I've been having some interesting email discussions with Scott Sumner, and thus it is time for a macro post.
Scott Sumner and David Beckworth have recently been arguing that, once you take the Fed into account, the Keynesian multiplier (the effect of fiscal spending on GDP) is zero. This is true, they say, because the Fed acts to counteract any unusually rapid rise in nominal GDP. The idea is basically this: after a recession ( a fall in nominal GDP), in order to return to its previous trend, NGDP must grow faster than its trend rate of growth. But since NGDP = real GDP + inflation, and since a stimulus increases aggregate demand, this will involve higher inflation as well as faster growth. The Fed, Sumner and Beckworth hypothesize, will not allow higher inflation, and so will raise interest rates, thus canceling out the effect of the stimulus on aggregate demand. The multiplier, when measured in NGDP terms, and when defined to take the Fed's "reaction function" into account, will be zero.
Now, in the past, I've argued that the Fed would have to be crazy to do this. It would have to refuse to allow NGDP to grow fast in a recovery even after NGDP plummets in a recession. But maybe the Fed is crazy! If the Fed actually does have an emotional bias against inflation - which some people argue is a desirable quality in Fed governors, because it helps anchor low inflation expectations - then it just might do something very much like what Sumner and Beckworth imagine.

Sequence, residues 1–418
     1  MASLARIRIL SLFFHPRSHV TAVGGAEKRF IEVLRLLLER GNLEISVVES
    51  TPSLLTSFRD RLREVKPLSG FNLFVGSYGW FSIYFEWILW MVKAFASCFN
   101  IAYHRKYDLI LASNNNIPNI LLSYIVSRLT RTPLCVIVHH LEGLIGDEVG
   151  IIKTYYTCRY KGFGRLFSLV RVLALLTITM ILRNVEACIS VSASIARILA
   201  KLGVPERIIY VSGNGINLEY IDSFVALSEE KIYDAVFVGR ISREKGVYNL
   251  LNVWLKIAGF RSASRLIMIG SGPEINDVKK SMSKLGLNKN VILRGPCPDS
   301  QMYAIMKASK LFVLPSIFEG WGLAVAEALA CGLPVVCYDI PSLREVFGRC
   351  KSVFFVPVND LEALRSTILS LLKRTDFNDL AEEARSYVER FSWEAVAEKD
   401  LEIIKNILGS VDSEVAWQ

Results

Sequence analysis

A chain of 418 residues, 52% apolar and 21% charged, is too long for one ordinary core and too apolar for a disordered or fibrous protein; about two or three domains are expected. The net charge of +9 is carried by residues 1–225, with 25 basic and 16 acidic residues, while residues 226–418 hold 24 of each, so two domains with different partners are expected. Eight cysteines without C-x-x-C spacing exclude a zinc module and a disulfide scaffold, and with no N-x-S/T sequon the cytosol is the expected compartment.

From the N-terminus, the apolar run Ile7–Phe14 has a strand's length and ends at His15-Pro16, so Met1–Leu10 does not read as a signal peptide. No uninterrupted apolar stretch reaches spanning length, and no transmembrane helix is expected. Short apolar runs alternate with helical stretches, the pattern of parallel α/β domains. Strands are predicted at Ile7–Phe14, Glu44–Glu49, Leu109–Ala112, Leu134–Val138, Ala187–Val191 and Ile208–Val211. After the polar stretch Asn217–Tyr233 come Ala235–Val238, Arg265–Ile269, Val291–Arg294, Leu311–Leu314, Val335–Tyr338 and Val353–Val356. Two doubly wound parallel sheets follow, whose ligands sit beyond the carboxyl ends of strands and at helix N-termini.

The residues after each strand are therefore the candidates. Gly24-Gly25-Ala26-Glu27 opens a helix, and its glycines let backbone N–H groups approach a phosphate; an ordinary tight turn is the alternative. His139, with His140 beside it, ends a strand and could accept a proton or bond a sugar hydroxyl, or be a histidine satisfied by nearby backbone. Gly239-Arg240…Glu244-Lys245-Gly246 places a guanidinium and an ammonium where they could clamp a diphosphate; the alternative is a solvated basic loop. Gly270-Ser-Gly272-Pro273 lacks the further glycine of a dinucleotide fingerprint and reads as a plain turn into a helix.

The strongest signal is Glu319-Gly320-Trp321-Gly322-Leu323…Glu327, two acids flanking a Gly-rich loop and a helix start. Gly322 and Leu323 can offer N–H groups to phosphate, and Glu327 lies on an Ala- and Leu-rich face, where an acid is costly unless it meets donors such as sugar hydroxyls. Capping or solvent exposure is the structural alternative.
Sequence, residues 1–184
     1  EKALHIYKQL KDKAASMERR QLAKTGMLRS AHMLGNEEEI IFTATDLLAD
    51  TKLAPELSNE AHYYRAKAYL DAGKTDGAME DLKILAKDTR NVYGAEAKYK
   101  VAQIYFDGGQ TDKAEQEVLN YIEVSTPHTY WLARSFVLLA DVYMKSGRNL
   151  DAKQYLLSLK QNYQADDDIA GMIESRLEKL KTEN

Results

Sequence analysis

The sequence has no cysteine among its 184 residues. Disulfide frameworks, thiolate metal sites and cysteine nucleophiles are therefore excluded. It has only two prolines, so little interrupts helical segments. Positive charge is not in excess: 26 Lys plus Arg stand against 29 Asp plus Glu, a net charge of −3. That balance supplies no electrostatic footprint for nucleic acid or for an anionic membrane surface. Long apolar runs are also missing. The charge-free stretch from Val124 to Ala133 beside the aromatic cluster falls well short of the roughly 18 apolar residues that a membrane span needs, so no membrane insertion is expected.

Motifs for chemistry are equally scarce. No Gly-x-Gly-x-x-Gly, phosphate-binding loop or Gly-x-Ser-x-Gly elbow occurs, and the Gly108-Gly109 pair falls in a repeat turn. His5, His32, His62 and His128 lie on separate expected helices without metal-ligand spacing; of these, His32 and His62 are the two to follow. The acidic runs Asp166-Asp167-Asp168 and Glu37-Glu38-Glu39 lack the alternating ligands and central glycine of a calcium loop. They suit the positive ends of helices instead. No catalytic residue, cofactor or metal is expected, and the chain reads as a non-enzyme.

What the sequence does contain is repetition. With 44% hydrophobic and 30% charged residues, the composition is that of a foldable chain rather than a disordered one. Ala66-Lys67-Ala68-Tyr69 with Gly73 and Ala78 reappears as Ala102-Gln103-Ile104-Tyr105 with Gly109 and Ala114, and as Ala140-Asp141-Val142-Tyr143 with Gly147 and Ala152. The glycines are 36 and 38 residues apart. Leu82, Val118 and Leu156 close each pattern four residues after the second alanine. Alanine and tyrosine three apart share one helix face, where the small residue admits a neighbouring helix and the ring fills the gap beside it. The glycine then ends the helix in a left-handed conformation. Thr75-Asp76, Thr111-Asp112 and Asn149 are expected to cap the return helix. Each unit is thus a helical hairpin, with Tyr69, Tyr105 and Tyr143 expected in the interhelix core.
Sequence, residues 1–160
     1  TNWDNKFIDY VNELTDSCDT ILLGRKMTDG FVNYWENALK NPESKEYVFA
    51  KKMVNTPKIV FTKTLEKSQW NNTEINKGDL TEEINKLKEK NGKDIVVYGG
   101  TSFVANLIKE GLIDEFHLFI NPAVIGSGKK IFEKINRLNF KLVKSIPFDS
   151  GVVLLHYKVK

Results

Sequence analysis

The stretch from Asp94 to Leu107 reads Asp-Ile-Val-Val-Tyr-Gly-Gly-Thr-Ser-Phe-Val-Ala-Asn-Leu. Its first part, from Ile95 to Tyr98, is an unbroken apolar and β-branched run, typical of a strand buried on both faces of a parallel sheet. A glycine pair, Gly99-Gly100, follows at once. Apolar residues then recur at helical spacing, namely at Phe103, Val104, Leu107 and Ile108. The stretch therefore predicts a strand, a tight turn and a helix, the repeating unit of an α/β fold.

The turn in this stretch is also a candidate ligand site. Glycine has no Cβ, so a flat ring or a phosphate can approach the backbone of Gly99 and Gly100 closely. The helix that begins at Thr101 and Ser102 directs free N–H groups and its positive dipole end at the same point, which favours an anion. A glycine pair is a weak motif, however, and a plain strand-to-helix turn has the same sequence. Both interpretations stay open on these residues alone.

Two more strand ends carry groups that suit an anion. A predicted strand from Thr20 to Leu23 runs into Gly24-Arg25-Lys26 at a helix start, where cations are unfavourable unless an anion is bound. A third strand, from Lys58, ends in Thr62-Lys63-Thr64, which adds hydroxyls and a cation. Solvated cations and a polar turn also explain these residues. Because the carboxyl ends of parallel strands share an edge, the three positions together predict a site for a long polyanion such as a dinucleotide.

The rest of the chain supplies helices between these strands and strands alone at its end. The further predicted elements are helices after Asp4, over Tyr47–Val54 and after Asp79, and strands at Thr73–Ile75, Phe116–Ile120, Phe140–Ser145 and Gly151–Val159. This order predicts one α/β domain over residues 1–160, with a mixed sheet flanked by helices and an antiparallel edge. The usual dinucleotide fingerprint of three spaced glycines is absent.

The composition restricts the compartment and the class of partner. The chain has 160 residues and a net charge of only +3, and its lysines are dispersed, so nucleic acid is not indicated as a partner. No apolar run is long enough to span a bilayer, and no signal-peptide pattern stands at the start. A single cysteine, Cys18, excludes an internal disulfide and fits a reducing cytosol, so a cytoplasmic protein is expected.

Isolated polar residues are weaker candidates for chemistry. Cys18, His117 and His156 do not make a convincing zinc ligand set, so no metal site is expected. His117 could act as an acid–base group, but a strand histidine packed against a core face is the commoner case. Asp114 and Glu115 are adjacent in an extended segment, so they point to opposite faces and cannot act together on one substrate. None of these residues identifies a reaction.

However, does this mean that fiscal stimulus is ineffective? I say no. Why? Because that would only be true if fiscal and monetary policy had identical and opposite effects on inflation expectations.
Realize that when we talk about the fiscal "multiplier," we're taking about a real multiplier - the effect of spending on real gdp growth. The growth rate of NGDP is equal to the real growth rate plus the rate of inflation. So it's possible for the real growth rate to rise in response to a stimulus while the nominal growth rate stays the same. This will happen if inflation falls. For example, you could go from having a 2% RGDP growth rate with 3% inflation before the recession, to a 4% RGDP growth rate with 1% inflation after the stimulus. NGDP growth is 5% before the recession and 5% during the recovery, but RGDP growth is different.
This is called a disinflationary boom. In the case of a stimulus-induced disinflationary boom, the real multiplier is nonzero even after taking the Fed's inefficiently hawkish reaction function into account.
How can a disinflationary boom happen? Well, inflation is determined in large part by expectations of future inflation. If the combination of fiscal stimulus and higher interest rates caused inflation expectations to be lowered (perhaps by giving the Fed an opportunity to prove its hawkishness), the Phillips Curve would shift downward, meaning you could get more real growth for any given rate of inflation. That would allow a disinflationary boom. The stimulus would push RGDP back to trend after a recession, while a permanent change would remain in the NGDP time series. In fact, if the episode increased the Fed's credibility in the long term, the combination of policies would have benefits beyond the effect of the stimulus.
Some people might argue that this describes the 1980s. Reagan's tax cuts, this story would say, acted as a Keynesian demand-boosting stimulus that raised RGDP growth, but that the accompanying inflation was tamed by the hawkish Volcker Fed. I'm not sure I believe that, but it at least sounds plausible.
Anyway, the upshot is that a nominal multiplier of zero, caused by a pathologically hawkish Fed, does not necessarily mean that the real multiplier - the multiplier we care about - must be zero.